Ottawa’s Diablo Technologies, whose Memory Channel Storage technology platform enhances memory system design performance and capability, has secured a total of $37 million to close out Phase Two of its oversubscribed Series C round, adding new investors Genesis Capital and GII Tech Ventures, and new follow-on investments from Battery Ventures, BDC Capital, Celtic House Venture Partners, Hasso Plattner Ventures and Israeli Cleantech Ventures (ICV).
Phase One of the Series C round happened in January, raising a total of $19 million, led by ICV.
Diablo’s Memory Channel Storage platform combines software and hardware architectures with NAND-Flash, and future Non-Volatile Memory technologies, effectively introducing a new generation of Solid State Storage for data-intensive applications.
“Diablo is privileged to be working with investors who are as committed as we are to leveraging the benefits of NAND-flash to enable dramatic improvements in big data analytics and in-memory computing,” said Diablo Technologies CEO Mark Stibitz. “This investment gives us even more capability to expand sales and customer application support, and strategically accelerate our DMX software roadmap.”
Diablo is just now announcing production release and volume availability of its Memory1 128GB DDR4 system memory module and accompanying Diablo Memory Expansion (DMX) software.
Memory1 was awarded Best of Show for “Most Innovative Flash Memory Technology” at the 2015 Flash Memory Summit in Santa Clara, California, for the third consecutive year.
Founded in 2003, Diablo opened its Ottawa office in 2004. In 2013, it introduced its memory channel storage approach to data access, and opened a Silicon Valley office in 2015.
Diablo’s leadership team, which includes CEO Mark Stibitz and Chief Product Officer Riccardo Badalone, have previous experience working on system architecture, chipset design, enterprise software and business development at companies including PMC-Sierra, Anobit, Elliptic Technologies, AT&T-Microelectronics, Agere Systems, Bell Labs, Nortel Networks, Intel, Cisco, AMD, SEGA, Cadence Design Systems, Matrox Graphics, BroadTel Communications and ENQ Semiconductor.
Ottawa-based Celtic House was the first company to invest in Diablo back in 2005, while ICV was put in touch with Diablo through a contact with Massachusetts-based Battery Ventures.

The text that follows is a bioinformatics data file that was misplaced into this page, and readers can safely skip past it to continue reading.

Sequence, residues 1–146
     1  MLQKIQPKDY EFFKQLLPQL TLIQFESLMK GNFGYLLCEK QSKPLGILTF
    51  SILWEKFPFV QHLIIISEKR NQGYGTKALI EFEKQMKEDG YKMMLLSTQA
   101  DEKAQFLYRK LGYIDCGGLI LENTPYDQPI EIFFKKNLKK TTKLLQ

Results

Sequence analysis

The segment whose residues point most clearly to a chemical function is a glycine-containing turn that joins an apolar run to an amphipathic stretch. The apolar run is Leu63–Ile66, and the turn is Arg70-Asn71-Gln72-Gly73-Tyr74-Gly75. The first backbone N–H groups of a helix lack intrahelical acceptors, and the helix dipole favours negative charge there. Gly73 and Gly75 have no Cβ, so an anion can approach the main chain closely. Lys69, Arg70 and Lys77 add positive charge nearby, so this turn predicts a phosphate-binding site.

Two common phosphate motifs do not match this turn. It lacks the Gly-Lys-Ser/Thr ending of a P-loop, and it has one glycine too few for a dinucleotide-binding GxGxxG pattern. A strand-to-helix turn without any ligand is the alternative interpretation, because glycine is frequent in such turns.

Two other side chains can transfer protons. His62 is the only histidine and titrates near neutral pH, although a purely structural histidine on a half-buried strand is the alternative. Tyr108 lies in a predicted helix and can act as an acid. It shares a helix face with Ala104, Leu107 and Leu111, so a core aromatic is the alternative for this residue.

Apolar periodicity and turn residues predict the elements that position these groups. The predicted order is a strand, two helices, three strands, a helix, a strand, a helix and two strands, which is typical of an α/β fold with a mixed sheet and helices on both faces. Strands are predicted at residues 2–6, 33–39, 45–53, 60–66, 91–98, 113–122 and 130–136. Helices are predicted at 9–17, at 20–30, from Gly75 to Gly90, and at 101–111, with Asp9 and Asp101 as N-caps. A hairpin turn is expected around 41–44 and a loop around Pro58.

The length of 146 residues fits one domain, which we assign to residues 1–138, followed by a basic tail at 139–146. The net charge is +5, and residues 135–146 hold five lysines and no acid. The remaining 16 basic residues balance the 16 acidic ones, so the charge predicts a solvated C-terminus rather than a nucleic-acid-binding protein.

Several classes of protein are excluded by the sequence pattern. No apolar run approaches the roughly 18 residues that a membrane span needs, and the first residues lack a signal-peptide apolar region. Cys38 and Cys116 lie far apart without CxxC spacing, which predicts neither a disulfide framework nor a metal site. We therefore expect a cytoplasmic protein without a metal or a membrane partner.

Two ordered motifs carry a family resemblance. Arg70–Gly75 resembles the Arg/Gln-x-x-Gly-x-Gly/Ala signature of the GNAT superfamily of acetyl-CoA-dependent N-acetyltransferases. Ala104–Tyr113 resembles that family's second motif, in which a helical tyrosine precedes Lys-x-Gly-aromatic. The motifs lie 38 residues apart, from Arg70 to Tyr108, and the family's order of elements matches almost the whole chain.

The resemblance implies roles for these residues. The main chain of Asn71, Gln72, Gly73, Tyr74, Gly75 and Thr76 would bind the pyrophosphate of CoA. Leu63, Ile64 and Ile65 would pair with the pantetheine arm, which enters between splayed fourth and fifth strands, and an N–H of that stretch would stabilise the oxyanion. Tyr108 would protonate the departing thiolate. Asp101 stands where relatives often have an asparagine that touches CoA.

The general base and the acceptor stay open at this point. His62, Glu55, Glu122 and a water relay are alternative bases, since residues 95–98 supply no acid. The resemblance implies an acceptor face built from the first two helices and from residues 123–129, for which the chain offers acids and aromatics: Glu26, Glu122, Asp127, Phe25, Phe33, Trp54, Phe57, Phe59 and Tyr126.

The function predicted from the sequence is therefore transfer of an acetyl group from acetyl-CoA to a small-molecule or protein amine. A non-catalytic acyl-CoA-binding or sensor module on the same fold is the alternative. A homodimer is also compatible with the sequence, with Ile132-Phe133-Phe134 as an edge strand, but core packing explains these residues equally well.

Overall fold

Hasso Plattner Ventures of course bears the name of Hasso Plattner, German co-founder of enterprise software giant SAP, and author of “The In-Memory Revolution”.
GII Tech Ventures partner Vijay Parmar, whose focus is on mid-stage technology investments in companies with a product already in production and an existing customer pipeline, has joined Diablo’s board of directors.
“We are thrilled to have Diablo Technologies in the GII Tech portfolio. The combination of Diablo’s innovative product portfolio and well-timed position in the Cloud and Enterprise datacenter market is extremely compelling,” said Parmar. “I’m looking forward to working with the Diablo team to help realize the company’s next wave of growth.”
Diablo’s Memory1 and Memory Channel Storage products deliver flash as “system memory” without necessitating changes to server hardware, operating systems, or user applications by the IT department, resulting in greater memory capacity on fewer servers and lowering datacenter costs by up to 70%.
As data processing needs for enterprise increase, with Big Data analytics, caching and complex web applications stretching the workload limit for existing IT hardware, solutions like Memory1, which provides 1TB or 2TB of system memory in a single two-socket server, allow companies to run terabytes of low-power system memory on a single server, keeping capital expenditures down.
Memory1 uses JEDEC-compliant flash-based DIMM hardware, which fits into standard DDR4 memory slots, increasing memory performance without any need to change the CPU, motherboard, operating system, or applications.